Saltar al contenido

Full-grown bear coat Shar Pei – the perfect companion for your home

Shar-Pei is a bit of a snob. He is naturally reserved around people he doesn’t know and stays away when introduced. Intensive socialization at a young age is necessary to prevent him from becoming too territorial or aggressive. Only family members receive the overwhelming loyalty of this independent, alert and intelligent dog who watches the world go by in a calm and dignified manner. Shar-Pei is quiet in the house. He is an incredibly good guard dog and rarely barks except during play. If you hear him, you should go see what has caught his attention. A short brisk walk meets his exercise needs. This is a strong, confident dog that learns quickly, so don’t put off training. Shar Pei is independent and willful. Be firm but never harsh or physical with him. Teach him early on to accept grooming procedures such as nail trimming, ear cleaning and tooth brushing. You never want your Shar-Pei to learn that he can physically scare you into stopping these actions. Like most dogs, the Shar-Pei does not like having its feet touched and does not like its nails trimmed. It also applies to other methods. The Shar-Pei is a guard dog that has hunted and fought with other dogs. Most Shar-Pei’s do not care for the company of other dogs and are easily provoked into aggression. A securely fenced yard will prevent him from getting into fights with other dogs or trying to expand his territory to cover the entire block. Start training your puppy the day you bring him home. Even at eight weeks old, he is able to soak up anything you can teach him. Don’t wait until he’s 6 months old to start training or you’ll have a stronger dog to deal with. If possible, get him into puppy preschool when he’s 10 to 12 weeks old, and socialize, socialize, socialize. However, keep in mind that many puppy training sessions require certain vaccines (such as kennel cough) to be up to date, and many vets recommend limited exposure to other dogs and public places until puppy vaccinations (including rabies, distemper and parvovirus) have been completed . Instead of formal training, you can start training your puppy at home and socialize him with family and friends until puppy vaccinations are completed. Talk to the breeder, describe exactly what you are looking for in a dog and ask for help in choosing a puppy. Breeders see the puppies daily and can give incredibly accurate advice once they know something about your lifestyle and personality. Whatever you want from a Shar-Pei, look for one whose parents have a nice personality and who have been well socialized from an early puppyhood.

Are Shar Peis friendly?

Friendly is not a word usually associated with the Shar-Pei breed.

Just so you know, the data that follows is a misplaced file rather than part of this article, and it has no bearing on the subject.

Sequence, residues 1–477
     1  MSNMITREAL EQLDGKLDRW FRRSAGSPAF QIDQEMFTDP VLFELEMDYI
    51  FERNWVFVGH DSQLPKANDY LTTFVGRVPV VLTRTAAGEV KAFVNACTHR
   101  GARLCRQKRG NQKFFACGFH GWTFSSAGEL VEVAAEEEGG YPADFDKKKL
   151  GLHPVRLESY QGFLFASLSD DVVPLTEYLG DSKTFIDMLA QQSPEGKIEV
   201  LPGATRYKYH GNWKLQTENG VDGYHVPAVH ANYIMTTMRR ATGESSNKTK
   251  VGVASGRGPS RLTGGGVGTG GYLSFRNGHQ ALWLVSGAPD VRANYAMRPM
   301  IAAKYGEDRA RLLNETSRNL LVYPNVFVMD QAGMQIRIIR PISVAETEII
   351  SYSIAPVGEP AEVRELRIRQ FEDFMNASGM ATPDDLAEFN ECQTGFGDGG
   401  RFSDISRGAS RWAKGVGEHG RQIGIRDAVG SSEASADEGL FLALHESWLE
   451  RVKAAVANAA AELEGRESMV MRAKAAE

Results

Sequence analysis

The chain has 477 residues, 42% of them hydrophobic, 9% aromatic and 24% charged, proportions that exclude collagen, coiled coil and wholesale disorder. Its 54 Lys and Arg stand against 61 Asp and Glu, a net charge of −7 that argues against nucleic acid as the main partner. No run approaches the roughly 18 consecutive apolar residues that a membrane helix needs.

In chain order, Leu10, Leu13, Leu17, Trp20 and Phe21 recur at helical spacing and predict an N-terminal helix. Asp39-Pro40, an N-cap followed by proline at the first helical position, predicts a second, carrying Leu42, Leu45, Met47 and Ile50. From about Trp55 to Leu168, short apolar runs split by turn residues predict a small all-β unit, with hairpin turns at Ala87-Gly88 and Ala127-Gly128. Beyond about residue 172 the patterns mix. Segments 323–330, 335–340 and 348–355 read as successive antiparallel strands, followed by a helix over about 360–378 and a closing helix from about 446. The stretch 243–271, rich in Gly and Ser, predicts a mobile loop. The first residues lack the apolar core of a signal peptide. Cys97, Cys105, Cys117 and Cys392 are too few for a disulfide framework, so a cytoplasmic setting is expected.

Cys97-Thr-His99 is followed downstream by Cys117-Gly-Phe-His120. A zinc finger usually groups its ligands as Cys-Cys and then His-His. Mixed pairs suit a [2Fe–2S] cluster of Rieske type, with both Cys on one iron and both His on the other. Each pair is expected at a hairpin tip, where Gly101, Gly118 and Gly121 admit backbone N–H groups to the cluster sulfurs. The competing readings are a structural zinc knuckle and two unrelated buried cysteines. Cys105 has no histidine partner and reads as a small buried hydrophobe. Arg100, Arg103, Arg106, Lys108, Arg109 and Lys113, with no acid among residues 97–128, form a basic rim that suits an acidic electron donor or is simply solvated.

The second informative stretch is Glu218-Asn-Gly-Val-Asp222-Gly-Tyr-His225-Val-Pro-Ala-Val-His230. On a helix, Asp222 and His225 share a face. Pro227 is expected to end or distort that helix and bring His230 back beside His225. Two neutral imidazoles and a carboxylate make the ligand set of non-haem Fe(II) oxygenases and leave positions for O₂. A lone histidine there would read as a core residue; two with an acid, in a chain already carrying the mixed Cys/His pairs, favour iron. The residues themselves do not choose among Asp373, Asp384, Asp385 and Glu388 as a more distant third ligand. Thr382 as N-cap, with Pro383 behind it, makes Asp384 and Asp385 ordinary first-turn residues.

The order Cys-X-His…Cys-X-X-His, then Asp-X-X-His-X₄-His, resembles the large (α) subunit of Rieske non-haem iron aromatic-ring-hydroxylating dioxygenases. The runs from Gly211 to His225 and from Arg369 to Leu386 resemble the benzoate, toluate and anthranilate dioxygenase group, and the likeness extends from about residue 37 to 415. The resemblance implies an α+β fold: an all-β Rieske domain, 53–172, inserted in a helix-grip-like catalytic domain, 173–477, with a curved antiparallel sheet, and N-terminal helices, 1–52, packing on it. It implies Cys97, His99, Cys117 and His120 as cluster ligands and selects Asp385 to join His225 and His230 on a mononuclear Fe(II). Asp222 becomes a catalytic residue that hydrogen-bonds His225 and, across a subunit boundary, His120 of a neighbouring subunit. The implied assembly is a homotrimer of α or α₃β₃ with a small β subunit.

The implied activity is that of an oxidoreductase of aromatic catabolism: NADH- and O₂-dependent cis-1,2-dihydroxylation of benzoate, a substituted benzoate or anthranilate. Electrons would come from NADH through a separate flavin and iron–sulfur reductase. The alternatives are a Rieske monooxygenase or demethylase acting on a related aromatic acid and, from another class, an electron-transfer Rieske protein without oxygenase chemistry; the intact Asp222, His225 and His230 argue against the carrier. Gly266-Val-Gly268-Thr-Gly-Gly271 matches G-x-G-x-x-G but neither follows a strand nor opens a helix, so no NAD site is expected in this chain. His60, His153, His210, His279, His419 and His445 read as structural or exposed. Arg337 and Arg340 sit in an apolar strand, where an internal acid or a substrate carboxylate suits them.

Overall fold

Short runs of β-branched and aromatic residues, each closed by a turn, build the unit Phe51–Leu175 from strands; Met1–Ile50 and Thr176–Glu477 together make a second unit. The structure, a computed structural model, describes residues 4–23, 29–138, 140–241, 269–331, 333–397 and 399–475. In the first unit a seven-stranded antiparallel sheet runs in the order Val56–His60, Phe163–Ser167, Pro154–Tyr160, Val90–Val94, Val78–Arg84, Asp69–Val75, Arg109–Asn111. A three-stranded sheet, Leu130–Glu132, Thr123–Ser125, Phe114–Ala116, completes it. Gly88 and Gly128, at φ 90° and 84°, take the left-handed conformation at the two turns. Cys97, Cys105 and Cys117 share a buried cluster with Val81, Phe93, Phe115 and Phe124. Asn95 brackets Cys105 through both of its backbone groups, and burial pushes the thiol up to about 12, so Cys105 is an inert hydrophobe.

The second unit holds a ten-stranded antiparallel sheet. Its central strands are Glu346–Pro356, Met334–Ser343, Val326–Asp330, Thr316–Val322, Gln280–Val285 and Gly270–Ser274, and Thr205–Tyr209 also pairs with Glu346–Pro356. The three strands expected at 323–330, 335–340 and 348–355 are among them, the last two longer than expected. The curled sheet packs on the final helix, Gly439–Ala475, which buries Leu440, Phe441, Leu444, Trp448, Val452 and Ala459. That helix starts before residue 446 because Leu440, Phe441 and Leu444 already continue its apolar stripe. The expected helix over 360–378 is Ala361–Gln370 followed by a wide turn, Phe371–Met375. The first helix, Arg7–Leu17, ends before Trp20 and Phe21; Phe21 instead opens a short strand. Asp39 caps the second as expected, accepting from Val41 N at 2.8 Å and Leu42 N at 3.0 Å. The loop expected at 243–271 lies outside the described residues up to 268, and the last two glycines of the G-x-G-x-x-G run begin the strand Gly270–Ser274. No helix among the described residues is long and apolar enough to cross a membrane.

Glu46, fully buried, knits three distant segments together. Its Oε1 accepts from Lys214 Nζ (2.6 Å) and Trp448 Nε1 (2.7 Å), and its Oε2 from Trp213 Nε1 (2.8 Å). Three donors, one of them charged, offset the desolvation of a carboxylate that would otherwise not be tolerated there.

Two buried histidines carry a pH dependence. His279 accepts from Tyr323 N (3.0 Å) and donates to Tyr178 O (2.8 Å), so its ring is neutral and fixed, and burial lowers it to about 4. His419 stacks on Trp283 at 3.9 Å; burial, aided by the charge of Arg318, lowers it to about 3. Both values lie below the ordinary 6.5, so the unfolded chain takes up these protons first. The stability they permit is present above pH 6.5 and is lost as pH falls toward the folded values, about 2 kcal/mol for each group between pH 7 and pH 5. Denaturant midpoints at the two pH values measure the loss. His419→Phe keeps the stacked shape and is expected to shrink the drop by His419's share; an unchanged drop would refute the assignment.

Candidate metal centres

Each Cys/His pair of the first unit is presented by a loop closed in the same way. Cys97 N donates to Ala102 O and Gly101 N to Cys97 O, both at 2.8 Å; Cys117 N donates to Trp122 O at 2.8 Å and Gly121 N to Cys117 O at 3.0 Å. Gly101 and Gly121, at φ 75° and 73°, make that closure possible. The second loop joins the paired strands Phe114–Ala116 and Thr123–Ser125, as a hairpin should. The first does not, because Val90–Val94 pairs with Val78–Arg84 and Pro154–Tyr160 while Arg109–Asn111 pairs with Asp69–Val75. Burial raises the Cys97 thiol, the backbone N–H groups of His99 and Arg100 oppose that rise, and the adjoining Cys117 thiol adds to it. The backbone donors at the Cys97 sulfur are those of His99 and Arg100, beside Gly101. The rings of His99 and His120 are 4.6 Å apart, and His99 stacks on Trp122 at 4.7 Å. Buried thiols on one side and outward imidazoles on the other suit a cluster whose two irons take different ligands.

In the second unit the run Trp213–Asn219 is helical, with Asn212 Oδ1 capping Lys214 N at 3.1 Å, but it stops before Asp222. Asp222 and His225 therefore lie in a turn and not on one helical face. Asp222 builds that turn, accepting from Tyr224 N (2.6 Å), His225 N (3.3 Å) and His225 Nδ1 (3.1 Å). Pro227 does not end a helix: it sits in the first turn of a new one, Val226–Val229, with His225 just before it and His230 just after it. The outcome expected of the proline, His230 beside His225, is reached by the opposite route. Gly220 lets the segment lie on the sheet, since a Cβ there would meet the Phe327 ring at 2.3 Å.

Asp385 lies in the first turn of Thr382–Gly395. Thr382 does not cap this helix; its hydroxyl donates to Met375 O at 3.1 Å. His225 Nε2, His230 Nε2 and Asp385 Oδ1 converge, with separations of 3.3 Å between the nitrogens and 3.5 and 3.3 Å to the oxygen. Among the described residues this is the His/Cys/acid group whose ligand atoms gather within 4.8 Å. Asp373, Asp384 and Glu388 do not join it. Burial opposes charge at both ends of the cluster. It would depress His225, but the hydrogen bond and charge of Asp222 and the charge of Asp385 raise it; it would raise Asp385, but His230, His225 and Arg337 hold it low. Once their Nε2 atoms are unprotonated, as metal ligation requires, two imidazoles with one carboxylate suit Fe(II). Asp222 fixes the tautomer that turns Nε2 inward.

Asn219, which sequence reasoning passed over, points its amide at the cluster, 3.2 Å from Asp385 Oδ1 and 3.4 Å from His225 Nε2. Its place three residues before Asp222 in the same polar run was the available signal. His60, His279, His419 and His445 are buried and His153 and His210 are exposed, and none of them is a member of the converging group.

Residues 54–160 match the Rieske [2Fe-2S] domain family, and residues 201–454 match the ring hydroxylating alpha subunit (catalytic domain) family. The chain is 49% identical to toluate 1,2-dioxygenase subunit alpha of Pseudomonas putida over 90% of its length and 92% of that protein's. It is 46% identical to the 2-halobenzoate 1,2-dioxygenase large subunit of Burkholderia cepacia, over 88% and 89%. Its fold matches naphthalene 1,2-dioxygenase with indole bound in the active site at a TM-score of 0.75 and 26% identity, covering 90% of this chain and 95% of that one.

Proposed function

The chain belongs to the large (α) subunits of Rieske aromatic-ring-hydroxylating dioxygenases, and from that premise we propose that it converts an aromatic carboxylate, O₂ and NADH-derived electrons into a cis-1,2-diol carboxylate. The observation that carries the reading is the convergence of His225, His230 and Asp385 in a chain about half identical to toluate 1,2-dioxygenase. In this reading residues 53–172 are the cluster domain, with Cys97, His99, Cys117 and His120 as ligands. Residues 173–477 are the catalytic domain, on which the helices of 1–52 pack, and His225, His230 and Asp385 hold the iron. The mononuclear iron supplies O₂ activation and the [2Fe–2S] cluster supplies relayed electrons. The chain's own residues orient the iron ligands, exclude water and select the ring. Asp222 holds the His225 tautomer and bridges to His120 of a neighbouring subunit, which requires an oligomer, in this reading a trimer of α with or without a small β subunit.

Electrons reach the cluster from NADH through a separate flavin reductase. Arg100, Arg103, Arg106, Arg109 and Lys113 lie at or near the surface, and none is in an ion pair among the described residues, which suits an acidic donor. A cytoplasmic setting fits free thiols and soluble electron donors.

They can be loyal and devoted to their family, but are generally aloof with strangers. Shar-Pei are known to name one family member and make that person their own.

Origins of the Shar Pei

The Shar Pei is a dog breed native to southern China. The species is known for its wrinkled skin and blue-black tongue. The Shar Pei is believed to be one of the oldest dog breeds, dating back to 200 BC. The breed was originally used for hunting and guarding. The Shar Pei was brought to the United States in the 1970s and quickly became a popular breed.

The Blue Shar Pei is a beautiful and unique dog breed that is becoming increasingly popular in the United States. Although they are not yet as well known as some other breeds, their striking blue-gray color and calm demeanor are quickly winning them fans.

They love to be mentally stimulated

Just as this breed loves to go outside, walk around and exercise, they also love to exercise their brains. Bear Coat Shar Pei are highly intelligent dogs and love to be mentally stimulated.

They like to be busy and if you can reward them for that, even better. When they are not mentally stimulated, they can develop behavioral problems and become quite destructive.


The history of the Shar-Pei dates back to 200 BC. with the Han Dynasty. The Shar-Pei originated in the southern regions of China and was bred and kept by farmers who wanted to protect their livestock. The puppies have many jobs on the farm, mainly hunter, shepherd and protector.

In 1949, the People’s Republic of China was formed and the norms of society changed. Dog ownership was no longer generally acceptable and unfortunately a large part of the dog population was wiped out. Fortunately, some species were saved. These puppies were protected in Hong Kong and Taiwan, which helped the Shar-Pei to survive and allow us to enjoy them today!